Despite stern warnings that the air quality in much of Southern California is bad enough to make one sick, many residents Saturday opted to chance it -- deciding another day of cabin fever was worse.
"I realize the risk, but a morning like this is one of the few times I can come out and get some exercise," said writer Steve Becos, 51, as he shot baskets at Pan Pacific Park near The Grove shopping center.
But instead of joining the full-court game nearby, he said, "I'm taking it a little easy."
For a week, the region's massive wildfires have spewed unhealthful concentrations of soot, ash and other tiny particles into the air throughout the Los Angeles Basin. Strong winds have spread this dirty air far from the fires.
Health officials say that breathing such particles, especially during vigorous exercise, could cause them to lodge deep in the lungs and create serious health problems. The very young, the elderly and those with respiratory or cardiac ailments are most vulnerable.
Such warnings caused many residents this week to rethink their morning run or bicycle ride. Schools largely kept students indoors through recess and lunch, and some closed playgrounds after school. Some health food stores even did a brisk business in such post-fire herbal detoxes as "Heavy Metal Cleanse."
Saturday, however, parks and other outdoor areas were bustling. Some parents said they'd brave anything rather than face another long day of entertaining their children indoors. Others shrugged it off as the price of living in Los Angeles.
"We don't have good air quality here anyway," said attorney Wendell Hall, 38, after her 6-year-old daughter's soccer game at Pan Pacific Park, where hundreds congregated.
Even in San Bernardino County, where the air still reeked of smoke, Erasmel Carreno, 24, said the lure of catfish hiding out in Silverwood Lake outweighed the health risks.
"It's been smoky, I have a little bit of a sore throat," Carreno said outside Turner's Outdoorsman store where he was buying fishing hooks. He'd been out past 2 a.m. Saturday hoping for a bite.
"We didn't catch anything last night," Carreno said, laughing and vowing revenge that afternoon. "Those warnings are not going to stop us."
Loretta Mitchell said she wasn't worried about driving from her Lynwood home to San Bernardino so that her two daughters could perform with their drill team, the Stylish & Genuine Stompers -- even though her youngest has asthma. "I'm not worried because they're inside," she said.
Some who fled the fires said Saturday they were just tired of being holed up in shelters and could use a breath of -- even if not so fresh -- air.
"We're evacuees, so there's nothing else really to do," said Brad Pattison of Lake Arrowhead, as he prepared to take his 8-year-old son Isaac fishing in the Yucaipa area.
"We're out of the smoke," Pattison said. "It's not as bad out there."
Although the air in most of Los Angeles County improved to moderate Saturday, the South Coast Air Quality Management District had advised people in much of Orange, Riverside and San Bernardino counties not to exert themselves this weekend.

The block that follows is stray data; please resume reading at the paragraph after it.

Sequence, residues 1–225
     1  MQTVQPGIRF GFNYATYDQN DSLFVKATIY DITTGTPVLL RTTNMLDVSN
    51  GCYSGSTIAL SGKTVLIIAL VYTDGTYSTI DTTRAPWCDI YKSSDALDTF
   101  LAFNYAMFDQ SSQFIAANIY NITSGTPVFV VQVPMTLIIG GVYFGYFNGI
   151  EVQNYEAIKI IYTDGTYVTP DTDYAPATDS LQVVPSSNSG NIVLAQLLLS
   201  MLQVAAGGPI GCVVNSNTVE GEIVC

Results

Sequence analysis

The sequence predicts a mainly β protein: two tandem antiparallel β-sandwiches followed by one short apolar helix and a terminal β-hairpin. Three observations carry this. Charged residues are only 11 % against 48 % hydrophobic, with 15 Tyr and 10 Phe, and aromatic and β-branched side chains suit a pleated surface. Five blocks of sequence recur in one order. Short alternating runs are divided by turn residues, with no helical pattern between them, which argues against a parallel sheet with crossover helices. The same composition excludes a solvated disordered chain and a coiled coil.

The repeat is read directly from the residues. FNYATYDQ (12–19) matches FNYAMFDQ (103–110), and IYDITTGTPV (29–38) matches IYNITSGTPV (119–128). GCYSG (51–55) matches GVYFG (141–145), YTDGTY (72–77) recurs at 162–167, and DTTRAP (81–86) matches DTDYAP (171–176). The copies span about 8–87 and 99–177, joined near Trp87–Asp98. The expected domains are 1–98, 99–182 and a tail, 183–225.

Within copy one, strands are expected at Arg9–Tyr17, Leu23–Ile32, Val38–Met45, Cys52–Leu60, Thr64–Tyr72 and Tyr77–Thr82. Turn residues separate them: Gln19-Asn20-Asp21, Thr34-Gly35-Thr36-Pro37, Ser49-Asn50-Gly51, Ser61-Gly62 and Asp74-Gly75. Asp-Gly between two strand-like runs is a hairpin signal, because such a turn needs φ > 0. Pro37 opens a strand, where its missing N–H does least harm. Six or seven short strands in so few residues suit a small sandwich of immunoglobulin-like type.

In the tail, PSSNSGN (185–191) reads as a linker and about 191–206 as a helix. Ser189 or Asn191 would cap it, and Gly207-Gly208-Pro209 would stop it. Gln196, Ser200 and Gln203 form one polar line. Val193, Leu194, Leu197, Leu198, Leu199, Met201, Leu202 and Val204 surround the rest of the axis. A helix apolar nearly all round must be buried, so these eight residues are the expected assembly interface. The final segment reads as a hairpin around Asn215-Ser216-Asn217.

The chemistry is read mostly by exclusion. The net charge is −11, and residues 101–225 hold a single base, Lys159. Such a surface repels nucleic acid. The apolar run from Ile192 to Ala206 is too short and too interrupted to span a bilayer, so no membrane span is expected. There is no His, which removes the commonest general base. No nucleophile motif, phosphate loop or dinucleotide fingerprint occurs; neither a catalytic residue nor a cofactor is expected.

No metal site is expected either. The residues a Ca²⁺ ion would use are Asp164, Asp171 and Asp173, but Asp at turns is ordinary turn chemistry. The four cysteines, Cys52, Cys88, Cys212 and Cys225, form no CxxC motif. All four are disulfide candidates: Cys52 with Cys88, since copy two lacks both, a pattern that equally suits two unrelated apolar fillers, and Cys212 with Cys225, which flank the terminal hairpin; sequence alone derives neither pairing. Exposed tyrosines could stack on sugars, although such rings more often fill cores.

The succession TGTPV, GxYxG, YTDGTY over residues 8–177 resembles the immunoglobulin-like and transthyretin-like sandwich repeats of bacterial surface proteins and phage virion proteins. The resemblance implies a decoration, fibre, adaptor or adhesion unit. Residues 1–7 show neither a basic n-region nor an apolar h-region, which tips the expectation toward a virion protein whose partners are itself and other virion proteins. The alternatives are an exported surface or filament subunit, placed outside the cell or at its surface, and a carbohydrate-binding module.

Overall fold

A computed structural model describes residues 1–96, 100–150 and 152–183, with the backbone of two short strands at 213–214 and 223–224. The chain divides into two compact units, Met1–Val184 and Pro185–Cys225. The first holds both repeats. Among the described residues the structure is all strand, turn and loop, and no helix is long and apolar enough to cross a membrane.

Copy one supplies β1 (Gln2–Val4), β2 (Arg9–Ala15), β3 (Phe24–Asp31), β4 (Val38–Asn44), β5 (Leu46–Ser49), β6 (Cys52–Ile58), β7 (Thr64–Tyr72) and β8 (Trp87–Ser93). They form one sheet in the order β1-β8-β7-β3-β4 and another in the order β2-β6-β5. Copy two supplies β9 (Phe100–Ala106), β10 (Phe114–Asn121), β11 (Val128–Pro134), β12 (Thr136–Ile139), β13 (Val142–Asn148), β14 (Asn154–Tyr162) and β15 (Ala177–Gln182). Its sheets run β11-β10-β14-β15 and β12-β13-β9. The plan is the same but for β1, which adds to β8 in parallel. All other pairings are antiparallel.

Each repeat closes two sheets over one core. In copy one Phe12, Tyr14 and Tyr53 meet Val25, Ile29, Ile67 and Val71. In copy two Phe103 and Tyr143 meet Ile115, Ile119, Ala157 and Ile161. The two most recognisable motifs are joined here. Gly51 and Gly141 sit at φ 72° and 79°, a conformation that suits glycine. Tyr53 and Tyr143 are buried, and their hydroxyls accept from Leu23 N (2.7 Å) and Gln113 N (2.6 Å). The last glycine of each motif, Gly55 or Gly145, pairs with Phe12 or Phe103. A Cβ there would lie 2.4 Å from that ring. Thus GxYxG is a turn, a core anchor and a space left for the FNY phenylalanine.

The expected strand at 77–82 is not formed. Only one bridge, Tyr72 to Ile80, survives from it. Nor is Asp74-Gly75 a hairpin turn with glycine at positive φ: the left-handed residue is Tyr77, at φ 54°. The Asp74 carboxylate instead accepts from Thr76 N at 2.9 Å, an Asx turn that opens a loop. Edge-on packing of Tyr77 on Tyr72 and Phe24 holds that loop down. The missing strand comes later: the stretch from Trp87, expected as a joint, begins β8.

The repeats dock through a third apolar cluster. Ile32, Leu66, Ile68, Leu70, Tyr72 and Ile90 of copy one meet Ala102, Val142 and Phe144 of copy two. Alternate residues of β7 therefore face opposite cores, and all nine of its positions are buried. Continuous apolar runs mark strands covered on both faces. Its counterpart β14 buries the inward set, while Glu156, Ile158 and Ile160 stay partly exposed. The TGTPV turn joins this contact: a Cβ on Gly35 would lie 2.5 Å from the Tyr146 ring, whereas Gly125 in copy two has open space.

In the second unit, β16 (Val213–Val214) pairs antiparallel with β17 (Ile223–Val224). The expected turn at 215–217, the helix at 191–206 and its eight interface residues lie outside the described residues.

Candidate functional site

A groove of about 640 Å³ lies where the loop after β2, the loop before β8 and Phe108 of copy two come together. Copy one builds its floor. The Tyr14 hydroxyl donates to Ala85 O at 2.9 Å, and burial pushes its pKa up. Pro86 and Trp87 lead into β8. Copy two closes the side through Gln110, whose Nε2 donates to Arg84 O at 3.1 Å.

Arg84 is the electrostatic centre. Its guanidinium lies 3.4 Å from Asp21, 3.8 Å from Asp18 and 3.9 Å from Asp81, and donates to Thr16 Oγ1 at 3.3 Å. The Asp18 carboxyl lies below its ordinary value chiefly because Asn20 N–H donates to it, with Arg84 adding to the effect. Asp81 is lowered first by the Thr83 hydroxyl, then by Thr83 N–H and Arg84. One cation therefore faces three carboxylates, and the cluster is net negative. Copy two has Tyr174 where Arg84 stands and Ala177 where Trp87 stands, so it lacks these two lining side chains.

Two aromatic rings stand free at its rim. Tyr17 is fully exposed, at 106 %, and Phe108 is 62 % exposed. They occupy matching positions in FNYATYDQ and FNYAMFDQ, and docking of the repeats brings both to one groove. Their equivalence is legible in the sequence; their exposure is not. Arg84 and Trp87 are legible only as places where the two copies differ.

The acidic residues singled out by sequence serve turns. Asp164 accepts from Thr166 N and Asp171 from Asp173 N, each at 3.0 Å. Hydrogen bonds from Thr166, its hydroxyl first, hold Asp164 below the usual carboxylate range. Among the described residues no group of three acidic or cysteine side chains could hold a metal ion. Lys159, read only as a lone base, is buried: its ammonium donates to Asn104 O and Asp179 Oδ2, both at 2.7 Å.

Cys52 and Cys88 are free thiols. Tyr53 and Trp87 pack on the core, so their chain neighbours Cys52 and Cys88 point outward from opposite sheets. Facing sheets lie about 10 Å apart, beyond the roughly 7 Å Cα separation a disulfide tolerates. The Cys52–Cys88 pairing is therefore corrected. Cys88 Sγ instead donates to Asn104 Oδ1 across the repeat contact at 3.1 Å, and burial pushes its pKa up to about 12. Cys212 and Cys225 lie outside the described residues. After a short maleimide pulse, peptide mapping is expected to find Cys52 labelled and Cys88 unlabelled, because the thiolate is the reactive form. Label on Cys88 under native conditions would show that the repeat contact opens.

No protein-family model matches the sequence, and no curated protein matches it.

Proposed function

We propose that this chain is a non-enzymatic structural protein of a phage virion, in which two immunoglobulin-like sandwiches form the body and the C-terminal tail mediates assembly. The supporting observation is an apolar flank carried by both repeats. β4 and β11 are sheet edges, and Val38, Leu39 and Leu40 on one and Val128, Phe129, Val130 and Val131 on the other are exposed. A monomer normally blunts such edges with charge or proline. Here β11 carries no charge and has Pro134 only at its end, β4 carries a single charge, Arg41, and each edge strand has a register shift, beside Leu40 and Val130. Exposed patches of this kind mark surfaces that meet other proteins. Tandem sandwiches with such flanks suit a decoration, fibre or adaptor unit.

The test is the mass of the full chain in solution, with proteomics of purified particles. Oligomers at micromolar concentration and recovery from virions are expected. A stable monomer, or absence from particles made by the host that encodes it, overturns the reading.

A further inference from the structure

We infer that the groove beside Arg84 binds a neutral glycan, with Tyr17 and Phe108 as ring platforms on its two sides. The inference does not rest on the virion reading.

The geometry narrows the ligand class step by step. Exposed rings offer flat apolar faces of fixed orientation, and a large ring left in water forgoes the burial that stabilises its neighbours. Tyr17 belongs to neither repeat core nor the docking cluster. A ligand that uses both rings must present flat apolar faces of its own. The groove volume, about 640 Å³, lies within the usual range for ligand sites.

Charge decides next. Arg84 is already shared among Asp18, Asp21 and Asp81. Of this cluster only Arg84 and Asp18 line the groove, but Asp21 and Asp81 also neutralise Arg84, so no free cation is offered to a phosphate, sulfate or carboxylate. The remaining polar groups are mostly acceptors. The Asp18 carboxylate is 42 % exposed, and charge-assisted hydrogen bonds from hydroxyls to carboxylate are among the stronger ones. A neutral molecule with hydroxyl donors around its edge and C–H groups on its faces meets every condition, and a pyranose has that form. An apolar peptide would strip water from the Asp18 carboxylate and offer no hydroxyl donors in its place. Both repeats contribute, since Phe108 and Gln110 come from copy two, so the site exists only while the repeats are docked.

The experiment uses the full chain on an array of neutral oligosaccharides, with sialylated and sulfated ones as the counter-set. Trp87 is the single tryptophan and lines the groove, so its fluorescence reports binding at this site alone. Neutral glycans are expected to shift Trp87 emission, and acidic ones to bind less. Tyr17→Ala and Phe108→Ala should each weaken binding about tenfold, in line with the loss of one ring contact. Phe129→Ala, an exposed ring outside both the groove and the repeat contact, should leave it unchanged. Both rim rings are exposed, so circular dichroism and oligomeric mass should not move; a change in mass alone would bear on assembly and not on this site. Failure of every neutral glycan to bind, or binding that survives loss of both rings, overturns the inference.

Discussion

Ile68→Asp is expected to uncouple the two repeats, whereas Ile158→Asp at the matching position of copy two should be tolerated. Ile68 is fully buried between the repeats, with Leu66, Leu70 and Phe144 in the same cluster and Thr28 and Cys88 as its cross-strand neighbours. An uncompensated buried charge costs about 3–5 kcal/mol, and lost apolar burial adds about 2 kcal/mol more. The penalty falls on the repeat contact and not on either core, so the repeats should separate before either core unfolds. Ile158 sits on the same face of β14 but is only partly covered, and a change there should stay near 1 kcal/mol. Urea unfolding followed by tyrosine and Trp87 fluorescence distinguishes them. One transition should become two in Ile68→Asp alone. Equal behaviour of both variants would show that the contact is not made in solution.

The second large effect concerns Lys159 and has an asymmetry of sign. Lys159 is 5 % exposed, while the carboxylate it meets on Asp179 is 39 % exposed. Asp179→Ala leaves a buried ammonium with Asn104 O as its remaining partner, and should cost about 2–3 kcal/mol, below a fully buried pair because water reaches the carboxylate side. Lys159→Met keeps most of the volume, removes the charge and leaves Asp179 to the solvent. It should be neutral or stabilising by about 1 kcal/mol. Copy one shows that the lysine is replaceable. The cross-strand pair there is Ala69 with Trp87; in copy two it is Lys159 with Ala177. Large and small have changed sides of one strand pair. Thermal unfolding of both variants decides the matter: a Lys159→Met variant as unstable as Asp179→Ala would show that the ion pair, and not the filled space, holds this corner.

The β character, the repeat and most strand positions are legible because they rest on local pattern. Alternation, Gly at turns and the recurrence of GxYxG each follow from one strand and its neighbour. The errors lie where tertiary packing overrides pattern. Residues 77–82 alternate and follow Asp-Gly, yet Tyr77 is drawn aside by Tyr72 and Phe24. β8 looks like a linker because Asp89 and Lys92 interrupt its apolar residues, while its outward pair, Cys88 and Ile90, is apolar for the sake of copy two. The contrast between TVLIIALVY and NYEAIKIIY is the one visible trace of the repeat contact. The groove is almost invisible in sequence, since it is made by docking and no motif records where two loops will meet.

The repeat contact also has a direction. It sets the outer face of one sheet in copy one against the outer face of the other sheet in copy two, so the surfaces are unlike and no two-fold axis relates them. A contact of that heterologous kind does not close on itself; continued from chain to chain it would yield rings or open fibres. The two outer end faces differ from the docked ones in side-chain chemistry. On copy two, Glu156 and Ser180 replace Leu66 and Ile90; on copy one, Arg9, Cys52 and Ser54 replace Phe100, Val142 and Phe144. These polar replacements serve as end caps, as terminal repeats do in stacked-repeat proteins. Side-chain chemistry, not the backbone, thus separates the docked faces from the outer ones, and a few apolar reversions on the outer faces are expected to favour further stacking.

For some, the advisories still held sway Saturday, even if they weren't near a fire zone.
Some youth sports league websites announced the cancellation of all games. The site for the American Youth Soccer Organization 33 Region, which serves the Encino area, had a link to the AQMD website and about a dozen comments from parents and others urging that games be canceled.
"Our children's health is more important than playing this game," read one posting. "I am an assistant coach and am encouraging our team to stay at home."
Daphne Subar of Studio City said she was relieved that all of her three young daughters' soccer games were canceled.
"They've been coming from school saying that their throats are burning, that their eyes are burning," she said. She was especially worried about her 12-year-old. "The kids get older, they are really running in these games," she said.
Some smoke-wary residents downwind of the fires sought even greater protection, hitting up health food stores such as Mother's Market and Kitchen in Irvine.
Assistant Manager Bryan Koch said he's been selling a number of herbal remedies including "Heavy Metal Cleanse" from Renew Life and "green" powders containing cilantro and spirulina, an algae. Some customers have been concerned that smoke from the nearby Santiago Canyon fire could carry chemicals from burning plastics and petroleum.
"A lot of them are looking for heavy metal detoxes," Koch said.
Wild Oats Market in Long Beach has sold lots of tiny containers called "neti pots" this week, used for natural irrigation of the sinuses, said Steven Kleindorfer, manager of the vitamin section. "Everyone felt like they couldn't breathe or they had allergies," he said.
But during an antiwar march in downtown Los Angeles on Saturday, protesters said there were more important things to worry about than dirty air.
"The air is probably really bad in Iraq," said Susan Jones, 73, a teacher in Ventura County. "In fact, it's probably worse in Iraq."
Times staff writer Deborah Schoch contributed to this report.